A recent question led me to look back in the *Ask Dr. Math* archives for questions about the definition and deeper meaning of determinants. Next week, we’ll see another old question for additional background, followed by the new question.

## What is a determinant? Two perspectives

First, a question from 1997:

Determinant of a Matrix My Algebra 2 teacher told us that for extra credit we could give hima complete and unabridged version of the definition of a DETERMINANT of a matrix. He said that we could only find it in a library or an advanced collegiate math book. He also said that if we could understand the definition, it wasn't the right one. I have tried numerous dictionaries and other references over the Internet. Please help me if you can! Thank you so much.

Can we give a definition that can’t be understood by a student at this introductory level, and also make it understandable? We’ll see.

### Geometric definition: Length, area, volume

Doctor Tom answered:

Hi Mark, I'll give youtwo definitionsthat are exactly equivalent, but sound very different. The first isgeometric. I assume you've plotted things in an x-y coordinate system, right? I assume you can imagine doing the same thing in three dimensions with an x-y-z coordinate system as well. In2-D, when you talk about the point (2, 4), you can think of the "2" and "4" as directions to get from the origin to the point - "move 2 units in the x direction and 4 in the y direction." In a3-Dsystem, the same idea holds - (1, 3, 7) means start at the origin (0,0,0), go 1 unit in the x direction, 3 in the y direction, and 7 in the z direction. Similarly, you could have coordinates inone dimension, but there's just one number.

We’ll be looking at one-, two-, and three-dimensional “parallelotopes“, which are line segments, parallelograms, and parallelepipeds, respectively.

Thedeterminant of a 1x1 matrixis thesigned lengthof the line from the origin to the point. It's positive if the point is in the positive x direction, negative if in the other direction.

Here is a one-dimensional parallelotope, a **segment**, defined by a single point, or vector (in this case, a negative number), which can be represented as a \(1\times1\) matrix \(\begin{bmatrix}x_1\end{bmatrix}\):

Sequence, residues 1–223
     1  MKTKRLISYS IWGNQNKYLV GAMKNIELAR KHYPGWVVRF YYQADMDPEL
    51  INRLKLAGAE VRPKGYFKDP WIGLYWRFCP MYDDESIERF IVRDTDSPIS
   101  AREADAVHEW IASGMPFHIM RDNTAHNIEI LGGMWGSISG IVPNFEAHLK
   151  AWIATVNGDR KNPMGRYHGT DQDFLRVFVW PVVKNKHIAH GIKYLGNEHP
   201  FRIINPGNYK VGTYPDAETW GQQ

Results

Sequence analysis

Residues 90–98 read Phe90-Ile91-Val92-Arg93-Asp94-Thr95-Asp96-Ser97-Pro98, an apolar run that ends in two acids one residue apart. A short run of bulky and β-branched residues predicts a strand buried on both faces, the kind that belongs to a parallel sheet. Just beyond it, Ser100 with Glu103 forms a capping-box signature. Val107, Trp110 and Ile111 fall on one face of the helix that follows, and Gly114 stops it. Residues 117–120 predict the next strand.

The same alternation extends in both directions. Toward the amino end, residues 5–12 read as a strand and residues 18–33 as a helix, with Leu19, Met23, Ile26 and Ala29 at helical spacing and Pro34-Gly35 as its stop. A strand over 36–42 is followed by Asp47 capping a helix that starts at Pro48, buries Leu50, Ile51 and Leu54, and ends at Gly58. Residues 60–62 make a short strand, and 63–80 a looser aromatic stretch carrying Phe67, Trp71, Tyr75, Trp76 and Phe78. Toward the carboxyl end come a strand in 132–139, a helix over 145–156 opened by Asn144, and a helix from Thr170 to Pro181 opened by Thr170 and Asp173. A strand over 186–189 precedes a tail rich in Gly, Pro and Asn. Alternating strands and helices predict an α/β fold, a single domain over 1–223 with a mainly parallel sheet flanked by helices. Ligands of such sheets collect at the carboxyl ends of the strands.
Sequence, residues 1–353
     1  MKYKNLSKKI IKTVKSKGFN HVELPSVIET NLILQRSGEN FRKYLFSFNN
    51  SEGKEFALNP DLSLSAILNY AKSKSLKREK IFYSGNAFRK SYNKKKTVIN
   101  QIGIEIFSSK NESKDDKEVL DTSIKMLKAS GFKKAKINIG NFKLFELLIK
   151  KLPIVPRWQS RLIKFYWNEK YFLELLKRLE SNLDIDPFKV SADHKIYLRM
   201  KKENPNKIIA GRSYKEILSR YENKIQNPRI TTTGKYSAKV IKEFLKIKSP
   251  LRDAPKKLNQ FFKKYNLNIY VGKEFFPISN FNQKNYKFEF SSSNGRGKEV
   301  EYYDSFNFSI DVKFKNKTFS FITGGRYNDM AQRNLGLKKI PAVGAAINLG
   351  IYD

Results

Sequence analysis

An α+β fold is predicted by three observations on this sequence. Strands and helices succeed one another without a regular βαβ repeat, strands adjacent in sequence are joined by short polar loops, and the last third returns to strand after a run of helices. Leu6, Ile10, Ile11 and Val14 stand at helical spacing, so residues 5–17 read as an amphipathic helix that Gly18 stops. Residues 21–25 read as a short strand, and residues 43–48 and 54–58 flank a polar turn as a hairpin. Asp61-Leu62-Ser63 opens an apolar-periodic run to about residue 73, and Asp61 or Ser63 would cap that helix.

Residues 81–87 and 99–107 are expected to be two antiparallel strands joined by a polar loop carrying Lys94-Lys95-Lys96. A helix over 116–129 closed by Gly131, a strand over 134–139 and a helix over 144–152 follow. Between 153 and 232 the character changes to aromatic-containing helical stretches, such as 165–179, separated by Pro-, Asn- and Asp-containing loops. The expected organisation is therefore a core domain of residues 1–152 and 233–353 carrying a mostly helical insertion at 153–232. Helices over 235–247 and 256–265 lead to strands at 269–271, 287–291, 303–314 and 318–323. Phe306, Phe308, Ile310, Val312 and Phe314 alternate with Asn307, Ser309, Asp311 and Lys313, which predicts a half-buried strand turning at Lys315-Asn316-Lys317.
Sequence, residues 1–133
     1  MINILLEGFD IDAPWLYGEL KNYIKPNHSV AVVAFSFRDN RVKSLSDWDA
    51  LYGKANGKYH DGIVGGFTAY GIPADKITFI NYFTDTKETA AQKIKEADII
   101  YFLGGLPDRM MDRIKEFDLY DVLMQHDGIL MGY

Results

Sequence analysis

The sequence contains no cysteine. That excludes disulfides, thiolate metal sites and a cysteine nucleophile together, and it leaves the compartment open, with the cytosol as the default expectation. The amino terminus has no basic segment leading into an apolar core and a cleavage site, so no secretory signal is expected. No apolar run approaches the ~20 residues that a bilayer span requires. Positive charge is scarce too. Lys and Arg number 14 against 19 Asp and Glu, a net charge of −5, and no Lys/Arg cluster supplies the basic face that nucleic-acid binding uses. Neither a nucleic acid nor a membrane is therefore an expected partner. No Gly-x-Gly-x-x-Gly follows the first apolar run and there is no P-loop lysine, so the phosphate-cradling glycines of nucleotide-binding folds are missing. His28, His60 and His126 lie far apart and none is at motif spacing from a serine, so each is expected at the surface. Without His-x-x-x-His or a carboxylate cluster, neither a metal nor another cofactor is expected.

The determinant \(\det\left(\begin{bmatrix}-3\end{bmatrix}\right)=\begin{vmatrix}-3\end{vmatrix}\) (not to be confused with an absolute value!) is \(-3\), the signed length of the segment.

In 2-D, look at the matrix astwo 2-dimensional pointson the plane, and complete theparallelogramthat includes those two points and the origin. The(signed) areaof this parallelogram is the determinant. If you sweep clockwise from the first to the second, the determinant is negative; otherwise, positive.

Here is a two-dimensional parallelotope, a **parallelogram**, defined by two vectors (pairs of numbers), which can be represented by a \(2\times2\) matrix, \(\displaystyle\begin{bmatrix}x_1&y_1\\x_2&y_2\end{bmatrix}\):

The determinant \(\displaystyle\begin{vmatrix}1&3\\-3&2\end{vmatrix}\) is \(11\), its area. If we reverse the order, to \(\displaystyle\begin{vmatrix}-3&2\\1&3\end{vmatrix}\), we get \(-11\), because we would be going around the figure clockwise rather than counterclockwise as shown.

In 3-D, look at the matrix as 3 3-dimensional points in space. Complete theparallelepipedthat includes these points and the origin, and the determinant is the(signed) volumeof the parallelepiped.

Here is a three-dimensional parallelotope, a **parallelepiped**, defined by three vectors (triples of numbers), which can be represented by a \(3\times3\) matrix, \(\displaystyle\begin{bmatrix}x_1&y_1&z_1\\x_2&y_2&z_2\\x_3&y_3&z_3\end{bmatrix}\):

The determinant \(\displaystyle\begin{vmatrix}-3&0&2\\1&-1&2\\4&1&2\end{vmatrix}\) is \(22\), its signed volume. (Just trust me on that number.)

The same idea works in any number of dimensions. The determinant is just the (signed) volume of the n-dimensional parallelepiped. Notice that length, area, volume are the "volumes" in 1-, 2-, and 3-dimensional spaces. A similar concept of volume exists for Euclidean space of any dimensionality.

He’s only defined the determinant as the volume, without showing how to actually calculate it. The second definition will allow us to do so, and next week we’ll see why.

### Algebraic definition: Sum of products

Doctor Tom continued:

Okay. That's the geometric definition. I like it because I can make a mental picture of it. Here's thealgebraic definition: I'll do it in 3 dimensions, but exactly the same idea works in any number of dimensions. Let's look at the determinant of this matrix: | a11 a12 a13 | | a21 a22 a23 | | a31 a32 a33 | The numbers after the "a" are the row and column numbers.